[completed - PG13]
September slid into October but Elana barely noticed. All she could think of was her sore back, her aching muscles, and her bed. The air mattress was not giving her the support that she needed. She had vowed she would wait for the perfect bed, but she hadn't even had time to look in more stores or check in the Buy and Sell. Her weekend had been completely taken up with work and the next weekend was Thanksgiving. Sam had all kinds of ideas about selling pumpkin pies and gourds from the roadside stand. Chandra offered to share her secret recipe for crust, so Sunday evening was lesson night.
"We can make up a few batches and freeze them, and then on Friday you just have to prepare all the filling," said Chandra.
"I can't believe Sam did all this by himself last year with only that wood stove of his." Elana busied herself cutting the butter into the flour.
"Remember, he wasn't doing anything else."
"Right," she said, rubbing her back.
"You've severely got to do something about that bed," said Chandra. "Have you tried the little store just across the bridge in Courtney?"
"After you drive past the pool and the skate park."
"Is it an antique store?"
"Well . . . it's really more of a curio shop, but you can't believe the stuff that lady has - and she's like Madame Zonda or something - you expect her to pull out a crystal ball or read your tea leaves. She's too much - really."
Elana pushed her hair from her eyes with the back of her hand, lightly dusting her forehead with flour. "Cody has his first soccer practice tomorrow after school. I'll go take a look while he's at the park - that's the same one that has the soccer fields, right?"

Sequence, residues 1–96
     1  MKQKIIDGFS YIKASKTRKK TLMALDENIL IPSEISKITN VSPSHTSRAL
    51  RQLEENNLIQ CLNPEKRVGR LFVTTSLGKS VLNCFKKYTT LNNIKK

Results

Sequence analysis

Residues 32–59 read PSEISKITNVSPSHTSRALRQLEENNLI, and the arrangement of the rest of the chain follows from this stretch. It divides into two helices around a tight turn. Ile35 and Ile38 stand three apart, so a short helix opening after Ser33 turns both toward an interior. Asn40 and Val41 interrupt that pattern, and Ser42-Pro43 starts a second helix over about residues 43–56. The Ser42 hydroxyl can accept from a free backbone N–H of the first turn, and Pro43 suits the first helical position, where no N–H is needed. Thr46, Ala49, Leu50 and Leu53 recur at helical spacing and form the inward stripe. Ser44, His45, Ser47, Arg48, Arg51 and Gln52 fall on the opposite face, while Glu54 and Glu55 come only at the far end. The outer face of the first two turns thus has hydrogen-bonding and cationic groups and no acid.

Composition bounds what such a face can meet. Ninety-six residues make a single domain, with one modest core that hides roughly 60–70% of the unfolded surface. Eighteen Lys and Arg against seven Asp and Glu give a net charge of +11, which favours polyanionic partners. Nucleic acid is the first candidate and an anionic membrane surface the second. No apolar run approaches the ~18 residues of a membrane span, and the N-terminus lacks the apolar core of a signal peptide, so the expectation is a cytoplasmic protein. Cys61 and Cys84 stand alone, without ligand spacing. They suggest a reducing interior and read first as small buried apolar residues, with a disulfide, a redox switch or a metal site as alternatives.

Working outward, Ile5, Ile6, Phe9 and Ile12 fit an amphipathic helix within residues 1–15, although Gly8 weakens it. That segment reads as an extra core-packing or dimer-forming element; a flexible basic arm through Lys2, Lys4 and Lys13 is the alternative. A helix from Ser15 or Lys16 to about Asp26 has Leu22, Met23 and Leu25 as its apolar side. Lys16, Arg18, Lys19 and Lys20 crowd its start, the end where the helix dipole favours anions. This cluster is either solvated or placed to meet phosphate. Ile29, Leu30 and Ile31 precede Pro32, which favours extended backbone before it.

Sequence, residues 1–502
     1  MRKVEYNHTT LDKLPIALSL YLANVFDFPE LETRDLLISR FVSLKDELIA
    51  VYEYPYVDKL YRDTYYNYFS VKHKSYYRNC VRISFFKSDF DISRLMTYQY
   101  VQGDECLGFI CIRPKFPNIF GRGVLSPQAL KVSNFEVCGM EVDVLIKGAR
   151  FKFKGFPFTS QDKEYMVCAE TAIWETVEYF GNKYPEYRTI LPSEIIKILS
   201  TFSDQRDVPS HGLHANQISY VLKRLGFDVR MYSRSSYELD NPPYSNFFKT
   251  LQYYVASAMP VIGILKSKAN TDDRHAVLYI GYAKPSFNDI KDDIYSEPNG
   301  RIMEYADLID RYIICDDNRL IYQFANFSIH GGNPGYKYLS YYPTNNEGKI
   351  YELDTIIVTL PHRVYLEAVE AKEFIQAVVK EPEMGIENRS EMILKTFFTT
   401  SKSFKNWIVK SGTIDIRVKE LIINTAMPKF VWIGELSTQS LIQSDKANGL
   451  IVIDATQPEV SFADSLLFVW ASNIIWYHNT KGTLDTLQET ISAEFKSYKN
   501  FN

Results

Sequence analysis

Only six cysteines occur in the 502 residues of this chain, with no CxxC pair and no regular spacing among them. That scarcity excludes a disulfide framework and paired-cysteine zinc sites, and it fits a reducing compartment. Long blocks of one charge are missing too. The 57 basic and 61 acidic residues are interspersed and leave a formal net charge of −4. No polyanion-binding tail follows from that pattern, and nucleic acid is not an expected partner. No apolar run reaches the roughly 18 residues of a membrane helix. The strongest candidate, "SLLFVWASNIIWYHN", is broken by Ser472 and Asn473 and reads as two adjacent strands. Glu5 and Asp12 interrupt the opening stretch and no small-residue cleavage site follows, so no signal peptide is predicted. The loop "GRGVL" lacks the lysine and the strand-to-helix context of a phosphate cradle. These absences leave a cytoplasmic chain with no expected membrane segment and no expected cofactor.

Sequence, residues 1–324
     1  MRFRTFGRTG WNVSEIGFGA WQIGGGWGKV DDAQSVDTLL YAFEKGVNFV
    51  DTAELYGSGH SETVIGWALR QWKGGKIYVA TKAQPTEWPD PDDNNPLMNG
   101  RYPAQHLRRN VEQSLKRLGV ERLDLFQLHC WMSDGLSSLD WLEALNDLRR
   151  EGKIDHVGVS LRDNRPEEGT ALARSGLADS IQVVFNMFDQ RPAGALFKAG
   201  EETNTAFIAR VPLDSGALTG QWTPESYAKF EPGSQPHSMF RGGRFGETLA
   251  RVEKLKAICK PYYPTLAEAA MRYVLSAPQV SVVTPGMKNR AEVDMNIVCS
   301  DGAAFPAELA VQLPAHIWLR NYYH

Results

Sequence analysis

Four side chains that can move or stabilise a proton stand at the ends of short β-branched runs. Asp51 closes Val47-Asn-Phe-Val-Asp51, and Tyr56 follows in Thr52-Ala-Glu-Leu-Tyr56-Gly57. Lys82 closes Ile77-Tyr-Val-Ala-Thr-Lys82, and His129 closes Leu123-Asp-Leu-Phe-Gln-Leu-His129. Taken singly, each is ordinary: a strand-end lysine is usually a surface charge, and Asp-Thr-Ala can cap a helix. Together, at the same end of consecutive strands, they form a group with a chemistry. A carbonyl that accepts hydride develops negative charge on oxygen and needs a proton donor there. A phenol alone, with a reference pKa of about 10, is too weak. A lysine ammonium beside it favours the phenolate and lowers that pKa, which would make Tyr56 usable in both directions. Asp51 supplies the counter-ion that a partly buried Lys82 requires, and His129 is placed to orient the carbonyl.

The next day after school Cody was eagerly awaiting his mother at the school fence.
"Mom! We don't need to go buy soccer shoes. Bryce says his dad is bringing a few used pairs for me to try on - and he's got extra shin pads too." Cody gave her a big hug. "So that means we can go straight to the soccer field and I won't be late."
"No, you'll be early instead you silly noodle. Excited, eh?" Elana said as she rubbed the top of his head fluffing his hair into unruly curls.
"Bryce says I'm really good for someone who's never played for a league before, but I want to practice a bit before the rest of the team comes."
"I've got your ball in the car. Let's go."
As they drove the short distance to town, Elana reflected on how glad she was that Cody had settled in at his school so easily and had made a few close friends already. When he had come home begging to join Bryce's soccer team, she'd agreed readily and dialled the phone number Bryce had given him. The season had already started, but she was able to get Cody in on a late registration. It paid to know the right people - Bryce's dad was not only the coach but he was the division co-ordinator and the league registrar.
Elana parked beside the community centre and then went out on the field with Cody as he ran about with his ball and took practice shots at the goal. About fifteen minutes later a man with a huge bag of balls approached her, and the two boys with him went running off to join Cody.
"You must be Cody's mom," he said, holding out his hand. "I'm Coach Jerry."
"I'm Elana Barnes," she said, "but just call me Elana. I brought all the stuff you asked for, the checks and a copy of his birth certificate."